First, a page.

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Sep 12, 2016

Josie's Journey: From Hell to Home

You know how sometimes you just know? You know it; you feel it in your bones and you know it's right. The universe is throwing it down and you just gotta pick it up. That's how it was with Josie.

I first saw her face...this face,on December 23, 2015, when the feed from the National Mill Dog Rescue came up on my Facebook page.

I hit the “like” button and commented, “I'll take that baby,” and it was pretty much in that instant that I knew she was mine. Or maybe I was hers. I'm not sure which, but I knew we would be together. I was in love with that little face.

She's mine...she just doesn't know it yet.
Less than 2 weeks later, on January 6, 2016 (over 8 months ago!) I was approved for adoption, so you know I was all over it. But then the proverbial shoe dropped. I didn't have a dog proof fenced yard and Josie was a flight risk, as are most of the mill dogs. Looking at my 2 acres of fenced-un-dog-proof yard I didn't really see how I could make that happen, short of putting in an ugly chain link kennel.

I have to admit, thoughts of having to leash a dog to take it out to pee at 2 or 4 or whatever AM, in the snow, gave me pause. An un-potty trained adult dog who wanted to run away from me in the dark on a minus zero degree night gave me a severe panic attack. Especially since now that I just open the door and Elvis and Gracie run out, take care of biz and run back in. On a really cold night, if nature calls, Elvis will just pee in the shower (it's a guy thing) and Gracie will just hold it until a kidney ruptures (girl thing).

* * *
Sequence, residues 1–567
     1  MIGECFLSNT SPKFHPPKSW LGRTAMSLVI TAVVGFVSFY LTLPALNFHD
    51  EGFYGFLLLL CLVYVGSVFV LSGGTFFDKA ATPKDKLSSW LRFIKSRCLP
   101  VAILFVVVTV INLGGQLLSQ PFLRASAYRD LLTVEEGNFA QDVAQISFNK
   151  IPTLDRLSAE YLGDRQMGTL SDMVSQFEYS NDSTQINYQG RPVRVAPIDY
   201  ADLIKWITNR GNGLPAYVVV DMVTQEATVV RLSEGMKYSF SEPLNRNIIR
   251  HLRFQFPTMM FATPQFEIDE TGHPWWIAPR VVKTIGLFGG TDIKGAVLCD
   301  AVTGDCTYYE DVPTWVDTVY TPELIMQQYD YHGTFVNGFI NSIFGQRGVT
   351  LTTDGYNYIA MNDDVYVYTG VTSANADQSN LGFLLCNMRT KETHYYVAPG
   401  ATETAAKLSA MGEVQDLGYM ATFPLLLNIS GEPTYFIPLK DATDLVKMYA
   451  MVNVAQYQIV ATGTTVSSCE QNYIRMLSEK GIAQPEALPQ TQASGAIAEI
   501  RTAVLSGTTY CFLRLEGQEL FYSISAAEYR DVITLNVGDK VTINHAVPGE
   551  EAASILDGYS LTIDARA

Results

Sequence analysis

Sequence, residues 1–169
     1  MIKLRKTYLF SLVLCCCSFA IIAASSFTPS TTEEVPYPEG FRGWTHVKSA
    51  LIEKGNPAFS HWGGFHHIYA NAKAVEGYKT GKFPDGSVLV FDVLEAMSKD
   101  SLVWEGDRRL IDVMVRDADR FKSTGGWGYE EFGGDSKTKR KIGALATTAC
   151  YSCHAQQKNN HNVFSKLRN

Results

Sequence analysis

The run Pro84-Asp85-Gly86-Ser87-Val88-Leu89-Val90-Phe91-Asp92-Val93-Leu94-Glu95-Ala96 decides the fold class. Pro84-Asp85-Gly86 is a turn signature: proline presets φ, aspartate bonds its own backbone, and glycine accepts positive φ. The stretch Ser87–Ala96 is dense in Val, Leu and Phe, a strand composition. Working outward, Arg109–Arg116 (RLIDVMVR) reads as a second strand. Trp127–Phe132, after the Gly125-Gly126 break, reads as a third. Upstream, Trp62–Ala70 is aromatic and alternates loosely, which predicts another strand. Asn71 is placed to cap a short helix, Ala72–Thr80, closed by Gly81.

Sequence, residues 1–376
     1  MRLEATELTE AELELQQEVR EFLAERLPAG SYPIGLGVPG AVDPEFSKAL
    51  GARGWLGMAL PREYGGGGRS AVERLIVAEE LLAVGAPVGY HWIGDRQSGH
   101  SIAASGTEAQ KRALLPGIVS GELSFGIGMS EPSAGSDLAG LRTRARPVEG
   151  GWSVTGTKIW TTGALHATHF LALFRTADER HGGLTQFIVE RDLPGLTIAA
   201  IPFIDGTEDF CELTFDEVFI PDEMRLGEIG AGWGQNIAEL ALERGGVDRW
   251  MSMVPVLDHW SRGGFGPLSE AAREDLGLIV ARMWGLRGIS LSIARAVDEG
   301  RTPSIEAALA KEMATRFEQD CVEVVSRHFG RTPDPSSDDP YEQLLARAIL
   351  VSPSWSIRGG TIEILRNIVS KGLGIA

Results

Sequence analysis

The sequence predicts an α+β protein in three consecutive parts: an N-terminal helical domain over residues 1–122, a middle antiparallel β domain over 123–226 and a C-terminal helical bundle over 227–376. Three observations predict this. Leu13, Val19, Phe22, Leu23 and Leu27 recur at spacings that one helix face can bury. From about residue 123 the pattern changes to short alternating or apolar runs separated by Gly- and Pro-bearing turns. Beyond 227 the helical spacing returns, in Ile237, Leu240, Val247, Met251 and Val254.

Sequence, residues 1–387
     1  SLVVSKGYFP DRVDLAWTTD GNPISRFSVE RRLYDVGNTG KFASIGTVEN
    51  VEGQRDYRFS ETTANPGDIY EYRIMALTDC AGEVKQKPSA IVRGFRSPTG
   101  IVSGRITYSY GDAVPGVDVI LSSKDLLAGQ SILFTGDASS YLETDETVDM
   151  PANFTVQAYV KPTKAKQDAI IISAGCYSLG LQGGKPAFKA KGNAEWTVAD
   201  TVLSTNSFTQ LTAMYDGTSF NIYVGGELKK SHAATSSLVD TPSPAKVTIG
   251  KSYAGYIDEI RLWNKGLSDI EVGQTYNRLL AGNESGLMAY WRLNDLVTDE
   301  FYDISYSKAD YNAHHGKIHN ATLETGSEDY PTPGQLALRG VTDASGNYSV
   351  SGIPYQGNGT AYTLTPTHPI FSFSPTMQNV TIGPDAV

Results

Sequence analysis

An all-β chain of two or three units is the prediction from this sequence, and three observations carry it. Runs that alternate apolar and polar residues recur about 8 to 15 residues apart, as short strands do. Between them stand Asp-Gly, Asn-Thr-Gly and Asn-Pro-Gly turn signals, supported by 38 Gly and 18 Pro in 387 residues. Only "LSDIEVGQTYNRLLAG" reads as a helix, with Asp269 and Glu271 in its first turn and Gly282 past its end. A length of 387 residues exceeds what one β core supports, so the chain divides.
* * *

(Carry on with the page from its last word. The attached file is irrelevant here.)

Gracie and Elvis
So last January and February and March, I tried to put Josie out of mind and accept the fact that I really wasn't the perfect person to be adopting a dog, especially one with needs that I couldn't meet. But I couldn't stop thinking about her and looking at pictures of her and calling and e-mailing the people at NMDR, to the point that a restraining order against me wouldn't have been out of the question.
     Was she more socialized? Still a flight risk? Was a fence really that big of a deal? No. Yes. And yes. Could I sleep at night thinking that I may never be able to adopt her? Could I just give up on her? Could we build a fence? No. No. And yes. Do they issue restraining orders for dog stalkers? Ummmm????

The Big Guy knew the thought of not being able to adopt her was making me crazy(ier). I constantly talked about her and showed friends pictures of her, as if she had already joined our pack. After 38 years he knows me well; and he knows when I get something in my head that it's gonna happen and he knew I was prepared to go to the ends of the earth to get her. 
     He knew it; even when he said, “we don't really need another dog,” that I was already planning the dog proof fence and that he would be the poor sucker building said fence. (He's got that whole "happy wife, happy life" thing nailed!) In June, bless his chihuahua loving heart, the fence went up and I went to Colorado to get Josie.